Longplay (video games)

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A longplay is a play-through of a video game, created with the intent of completing it as fully as possible, mainly for the purposes of nostalgia, preservation, and possibly as a walkthrough. Also, for people who are unable or unwilling to play a certain game, yet wish to know and experience its story, a longplay can be viewed simply as a long digitally animated movie. Unlike speedruns, there is no time constraint aside from those imposed by bandwidth/filesize concerns.[1] Likewise, a longplay is distinct from a Let's Play, in that there tends to be little to no commentary on the game from the player.

The defining characteristic of a longplay is that few shortcuts, if any, are taken to finish the game. Dull moments may be ultimately edited out of the final video, and sidequests may be ignored, but in general every task necessary to reach the end is to be recorded, including cutscenes.[2]


Games may be recorded in several ways: using screencast software, a feature built into an emulator, or via a video capture device connected to a console or another computer. Some games (for example, Doom) have a demo recording feature built into the game.

Neologism status[edit]

"Speedrun" and "game replay" emerged in recent years as a subset of "play-through" and gained popularity by being entertaining and competitive while needing only minutes of video. Video sharing websites accelerated their acceptance. Advances in consumer recording equipment, codecs, hard drive space, and internet services were necessary before complete games could reasonably be saved and shared.

Outside of the communities specializing in the practice, "longplay" is relatively unknown, though understood from context. The ambiguous umbrella term "play-through" is widely used instead.[3]


The term "Longplay" was first introduced by the German computer magazine "64’er – Das Magazin für Computerfans" in the late 1980s. Each issue from 4/89 to 10/94 had a section in which a walkthrough of a more complex or difficult video game was described in detail.[4] These so-called "Longplays" can be considered early printed versions of let's plays, a later form of live commenting while videorecording a video game. In 2002 – before the rise of online video platforms – the German video game documentarist Reinhard Klinksiek started a project in which he wanted to preserve videos of classical video games (mainly for the C64) and make them accessible on the internet.[5] In search for a simple name he adopted the neologistic term "Longplay" from the "64’er" magazines, which he had read as a teenager.[6][7] After the release of more than 600 "longplay"-recordings of classical video games, the term was adopted by the gaming community internationally and is occasionally used by Online-Videogame-Magazines.[8]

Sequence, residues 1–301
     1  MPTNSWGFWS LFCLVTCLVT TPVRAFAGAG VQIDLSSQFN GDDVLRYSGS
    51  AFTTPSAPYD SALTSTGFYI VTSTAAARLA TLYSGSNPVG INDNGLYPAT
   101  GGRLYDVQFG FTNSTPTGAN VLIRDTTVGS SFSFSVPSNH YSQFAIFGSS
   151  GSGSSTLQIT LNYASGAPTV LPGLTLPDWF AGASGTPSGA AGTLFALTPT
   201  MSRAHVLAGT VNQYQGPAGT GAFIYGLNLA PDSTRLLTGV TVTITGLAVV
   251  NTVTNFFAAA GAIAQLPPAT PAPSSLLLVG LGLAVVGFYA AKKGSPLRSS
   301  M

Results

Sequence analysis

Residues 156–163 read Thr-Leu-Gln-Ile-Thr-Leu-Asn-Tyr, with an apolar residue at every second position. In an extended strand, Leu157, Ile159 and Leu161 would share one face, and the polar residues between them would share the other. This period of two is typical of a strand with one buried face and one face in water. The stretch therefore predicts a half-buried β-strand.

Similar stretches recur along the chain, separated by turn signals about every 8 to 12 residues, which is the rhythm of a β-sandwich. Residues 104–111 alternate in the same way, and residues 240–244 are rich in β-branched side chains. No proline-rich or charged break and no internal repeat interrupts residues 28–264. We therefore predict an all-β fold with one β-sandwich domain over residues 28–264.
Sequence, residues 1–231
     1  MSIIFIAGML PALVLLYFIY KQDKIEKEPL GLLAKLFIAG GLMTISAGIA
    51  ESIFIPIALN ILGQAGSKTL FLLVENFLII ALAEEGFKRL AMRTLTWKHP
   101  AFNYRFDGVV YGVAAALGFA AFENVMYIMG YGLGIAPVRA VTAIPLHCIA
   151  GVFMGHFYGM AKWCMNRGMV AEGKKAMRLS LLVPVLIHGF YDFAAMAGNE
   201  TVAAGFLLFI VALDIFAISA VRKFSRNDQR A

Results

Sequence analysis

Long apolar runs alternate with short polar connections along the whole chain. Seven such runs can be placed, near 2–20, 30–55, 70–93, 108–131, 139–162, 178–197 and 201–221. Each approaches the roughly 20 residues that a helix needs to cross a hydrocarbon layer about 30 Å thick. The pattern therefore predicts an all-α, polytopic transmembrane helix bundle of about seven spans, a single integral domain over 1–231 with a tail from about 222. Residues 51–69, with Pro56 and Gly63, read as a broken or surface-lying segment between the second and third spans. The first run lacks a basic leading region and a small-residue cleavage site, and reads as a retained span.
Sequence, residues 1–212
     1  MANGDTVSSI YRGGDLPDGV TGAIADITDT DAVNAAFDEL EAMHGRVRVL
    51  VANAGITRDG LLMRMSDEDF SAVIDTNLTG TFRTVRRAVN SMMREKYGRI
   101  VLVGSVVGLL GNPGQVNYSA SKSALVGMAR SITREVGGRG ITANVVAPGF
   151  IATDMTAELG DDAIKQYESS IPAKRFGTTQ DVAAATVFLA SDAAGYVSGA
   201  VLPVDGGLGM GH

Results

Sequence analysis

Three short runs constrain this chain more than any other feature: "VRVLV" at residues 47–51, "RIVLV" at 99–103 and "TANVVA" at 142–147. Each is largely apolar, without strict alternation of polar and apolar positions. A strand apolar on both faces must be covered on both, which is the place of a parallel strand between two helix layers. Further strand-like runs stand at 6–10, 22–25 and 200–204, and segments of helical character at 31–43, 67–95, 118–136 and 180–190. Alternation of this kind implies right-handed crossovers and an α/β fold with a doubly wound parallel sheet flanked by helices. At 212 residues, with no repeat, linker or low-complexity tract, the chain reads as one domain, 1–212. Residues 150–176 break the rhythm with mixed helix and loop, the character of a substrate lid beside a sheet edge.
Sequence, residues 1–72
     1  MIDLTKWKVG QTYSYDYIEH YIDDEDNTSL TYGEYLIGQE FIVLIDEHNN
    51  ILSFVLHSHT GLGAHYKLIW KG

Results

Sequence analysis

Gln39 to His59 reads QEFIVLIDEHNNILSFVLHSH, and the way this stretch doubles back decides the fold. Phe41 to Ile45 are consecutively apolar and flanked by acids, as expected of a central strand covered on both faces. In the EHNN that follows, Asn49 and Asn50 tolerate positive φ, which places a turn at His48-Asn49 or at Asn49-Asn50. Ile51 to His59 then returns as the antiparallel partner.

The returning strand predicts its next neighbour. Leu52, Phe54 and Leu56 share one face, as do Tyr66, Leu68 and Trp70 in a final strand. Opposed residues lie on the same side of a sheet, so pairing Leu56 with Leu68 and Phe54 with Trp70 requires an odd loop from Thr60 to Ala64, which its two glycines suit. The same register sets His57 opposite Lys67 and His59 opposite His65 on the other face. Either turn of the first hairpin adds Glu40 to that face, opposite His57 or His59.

See also[edit]


  1. ^ "RAG-Longplay Announcement". Recorded Amiga Games. Archived from the original on July 24, 2011. Retrieved March 3, 2008.
  2. ^ "C64-Longplays Guide". C64-Longplays. Archived from the original on October 26, 2007. Retrieved February 13, 2008.
  3. ^ "Google Video-Play-throughs". Google. Retrieved March 3, 2008.
  4. ^ Matthias Fichtner: »Uridium II« komplett durchgespielt. 64'er-Longplay. in: 64’er – Das Magazin für Computerfans. Heft 4/89, pp. 166-171.
  5. ^ "WayBack Machine Archive". Archived from the original on February 15, 2004. Retrieved January 18, 2017.{{cite web}}: CS1 maint: bot: original URL status unknown (link)
  6. ^ Heinrich Lenhardt: "RETRO REPUBLIK DEUTSCHLAND". In: CHIP – COMMODORE 64. EIN KULT-COMPUTER WIRD 30. München 2012. pp. 127-128.
  7. ^ "Interview of Reinhard Klinksiek on kultboy.com". Retrieved January 18, 2017.
  8. ^ "Revisit all your old gaming favorites with YouTube longplays". TechGenMag.com. Retrieved January 31, 2017.

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